Optimizing Semi Regen Reformer Runlengths | RefinerLink

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Optimizing Semi Regen Reformer Runlengths

By Process Pro Eric

Jun 18, 2012

If you have a runlength philosophy for regenerating your fixed-bed reformer that has not changed for a couple of years, you may want to revisit it again.                       


It's quite uncommon for refiners to define a shutdown strategy and not update it as market economics change.  The runlength strategy for regenerating a fixed-bed reformer among one of them. 


Historically, the dominating factor for semi-regen reformer runlength timing has been managing refinery hydrogen demand.  It makes perfect sense to pair a fixed bed reformer regeneration when a hydrogen consuming unit is down for maintenance. 


Over the recent years, however, there has been a fundamental shift in Natural Gas and LPG pricing that challenges refiners to re-assess every strategy of operation.  With the abundance of natural gas that hydraulic fracking has unlocked, understanding the impacts of de-activated reformer catalysts beds should be a high priority. 


Refiners should revisit semi-regen reformer runlength strategies even more today as increased ethanol blending and rising distillate strength has also had an effect on reformer operations.


As semi-regen reformer catalyst ages over time, the process requires more heat to meet reformate octane targets.  This higher heat input results in increased cracking of


desired reformate into LPG and fuel gas components.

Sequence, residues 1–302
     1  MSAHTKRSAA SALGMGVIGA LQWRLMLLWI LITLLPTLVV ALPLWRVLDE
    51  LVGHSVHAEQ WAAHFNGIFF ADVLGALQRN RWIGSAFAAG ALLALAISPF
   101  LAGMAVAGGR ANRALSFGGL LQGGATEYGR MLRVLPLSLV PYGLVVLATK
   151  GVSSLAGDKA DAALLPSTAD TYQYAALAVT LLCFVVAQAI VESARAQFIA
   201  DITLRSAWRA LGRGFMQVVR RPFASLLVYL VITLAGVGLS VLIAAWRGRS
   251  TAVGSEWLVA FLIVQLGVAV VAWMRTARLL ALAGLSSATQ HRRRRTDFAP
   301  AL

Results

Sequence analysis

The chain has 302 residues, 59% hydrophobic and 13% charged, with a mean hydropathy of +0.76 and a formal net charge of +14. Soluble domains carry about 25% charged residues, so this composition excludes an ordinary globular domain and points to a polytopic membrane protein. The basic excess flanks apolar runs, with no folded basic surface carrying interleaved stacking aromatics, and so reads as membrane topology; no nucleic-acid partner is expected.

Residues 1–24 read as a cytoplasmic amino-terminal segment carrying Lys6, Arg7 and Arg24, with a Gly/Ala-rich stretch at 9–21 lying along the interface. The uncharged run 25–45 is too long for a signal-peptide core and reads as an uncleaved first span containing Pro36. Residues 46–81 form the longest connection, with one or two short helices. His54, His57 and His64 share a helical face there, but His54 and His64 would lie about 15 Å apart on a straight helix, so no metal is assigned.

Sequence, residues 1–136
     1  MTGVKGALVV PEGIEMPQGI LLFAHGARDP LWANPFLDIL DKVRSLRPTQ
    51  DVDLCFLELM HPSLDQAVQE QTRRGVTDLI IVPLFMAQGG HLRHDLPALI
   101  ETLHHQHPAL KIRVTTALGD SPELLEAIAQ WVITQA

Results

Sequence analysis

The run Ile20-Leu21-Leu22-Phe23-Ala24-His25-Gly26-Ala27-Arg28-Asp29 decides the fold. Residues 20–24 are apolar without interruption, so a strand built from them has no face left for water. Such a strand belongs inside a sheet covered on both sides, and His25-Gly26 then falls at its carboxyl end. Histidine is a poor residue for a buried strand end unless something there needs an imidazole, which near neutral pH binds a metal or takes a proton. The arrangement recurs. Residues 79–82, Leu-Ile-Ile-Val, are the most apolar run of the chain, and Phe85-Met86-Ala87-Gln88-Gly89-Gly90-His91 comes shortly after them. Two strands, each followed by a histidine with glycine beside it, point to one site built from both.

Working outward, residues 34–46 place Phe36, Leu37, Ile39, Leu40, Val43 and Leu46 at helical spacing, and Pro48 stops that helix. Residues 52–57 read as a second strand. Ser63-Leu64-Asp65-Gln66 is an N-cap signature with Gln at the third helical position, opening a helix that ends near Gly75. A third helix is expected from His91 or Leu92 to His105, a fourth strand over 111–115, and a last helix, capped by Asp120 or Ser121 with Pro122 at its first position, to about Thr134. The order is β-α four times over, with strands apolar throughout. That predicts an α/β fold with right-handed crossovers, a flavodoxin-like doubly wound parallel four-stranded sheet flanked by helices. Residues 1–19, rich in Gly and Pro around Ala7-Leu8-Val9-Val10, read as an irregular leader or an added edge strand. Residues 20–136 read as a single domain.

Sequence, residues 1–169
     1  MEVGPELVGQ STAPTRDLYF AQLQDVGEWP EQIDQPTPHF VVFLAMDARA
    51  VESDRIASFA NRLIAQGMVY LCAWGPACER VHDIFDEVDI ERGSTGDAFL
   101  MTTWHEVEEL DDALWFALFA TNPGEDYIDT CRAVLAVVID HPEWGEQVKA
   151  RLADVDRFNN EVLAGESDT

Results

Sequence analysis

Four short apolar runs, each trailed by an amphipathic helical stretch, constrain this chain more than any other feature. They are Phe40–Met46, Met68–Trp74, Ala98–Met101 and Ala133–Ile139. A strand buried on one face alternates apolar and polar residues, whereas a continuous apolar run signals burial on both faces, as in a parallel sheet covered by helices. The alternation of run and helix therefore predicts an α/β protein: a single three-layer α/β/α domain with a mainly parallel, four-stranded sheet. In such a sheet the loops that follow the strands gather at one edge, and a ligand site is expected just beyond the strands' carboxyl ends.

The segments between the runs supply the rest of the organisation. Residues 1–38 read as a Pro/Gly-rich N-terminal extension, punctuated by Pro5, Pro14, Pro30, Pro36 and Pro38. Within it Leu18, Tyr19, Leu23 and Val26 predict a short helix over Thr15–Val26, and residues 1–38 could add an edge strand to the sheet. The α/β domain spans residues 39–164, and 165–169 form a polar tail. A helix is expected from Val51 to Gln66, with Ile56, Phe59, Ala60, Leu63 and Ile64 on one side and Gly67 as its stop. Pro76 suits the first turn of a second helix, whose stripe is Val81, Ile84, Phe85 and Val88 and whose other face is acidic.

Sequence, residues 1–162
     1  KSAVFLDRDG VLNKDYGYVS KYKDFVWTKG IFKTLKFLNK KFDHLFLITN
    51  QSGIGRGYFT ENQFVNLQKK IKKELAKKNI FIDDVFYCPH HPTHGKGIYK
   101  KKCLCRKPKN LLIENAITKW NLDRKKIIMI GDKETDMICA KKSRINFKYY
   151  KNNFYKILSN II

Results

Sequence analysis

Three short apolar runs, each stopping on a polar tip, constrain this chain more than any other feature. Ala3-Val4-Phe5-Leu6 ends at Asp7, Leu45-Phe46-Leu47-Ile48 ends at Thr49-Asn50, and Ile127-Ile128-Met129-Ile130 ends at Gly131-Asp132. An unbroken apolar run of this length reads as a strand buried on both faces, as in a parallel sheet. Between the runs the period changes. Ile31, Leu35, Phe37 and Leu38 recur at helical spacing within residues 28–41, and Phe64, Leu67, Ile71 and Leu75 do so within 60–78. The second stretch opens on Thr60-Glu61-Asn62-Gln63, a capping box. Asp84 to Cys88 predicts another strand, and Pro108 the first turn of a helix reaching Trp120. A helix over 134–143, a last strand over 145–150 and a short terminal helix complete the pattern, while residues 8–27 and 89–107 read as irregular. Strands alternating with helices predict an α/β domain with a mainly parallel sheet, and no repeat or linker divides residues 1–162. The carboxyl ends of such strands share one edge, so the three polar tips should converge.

In the graphic to the left you’ll note that increased runlengths on a fixed bed reformer can degrade reformate yields by greater than 5% from start of run conditions. 


In addition to the loss of hydrogen production, extended catalyst aging has a very detrimental

impact on yields.  Several years ago the reformate yield degradation impact on refinery margin was lower, but currently this penalty is quite significant.  Note the trend of commodity prices over the last several years.






The differential between natural gas ($/FOEB) and gasoline was $ 43 /bbl in 2009, but has exploded to $110 /bbl in 2012.  Similarly, the spread between gasoline and LPG


prices have widened over the same time span from $33 /bbl to $75 /bbl.


Considering how more reformate cracks to lighter products at end of run conditions, this shift in market prices  magnifies the impact of non-optimal reformer runlength strategies.


For a 40 KBD semi-regen reformer,what used to be a $0.5 Million per month loss

in margin for a delayed catalyst regeneration has now turned into a $1.0 Million loss per month for every 1% yield degradation. 


On a 5% yield degradation scenario, a $2.5 Million per month loss increases to $5.0 Million per month!  It’s likely that many of you have not seen the impacts of lost reformer catalyst activity spelled out in hard dollars before, so these figures may seem staggering.


Given that market prices have inflated the penalty for extended semi-regen runlengths, I have just provided you the business case to re-evaluate your current reformer strategy.  No refiner ever likes increasing the frequency of shutdowns.  However, the economics highlighted above indicate a strong driver to do so.  


Do you not think that there is a compelling case to better optimize your fixed bed reformer runlength strategy?  I doubt that you will even need an LP to tell you the answer to this one.

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  • :   very interesting information. thank you for sharing.

    Jun 19, 2012

  • Hasan Asharif :   Thanks a lot I consider this paper a very practical guiding for best operating existing reformer units and could help produce more gasolines and may be at lower costs. Would you please send me PFD copy of this paper Thanks Hasan

    Aug 01, 2015

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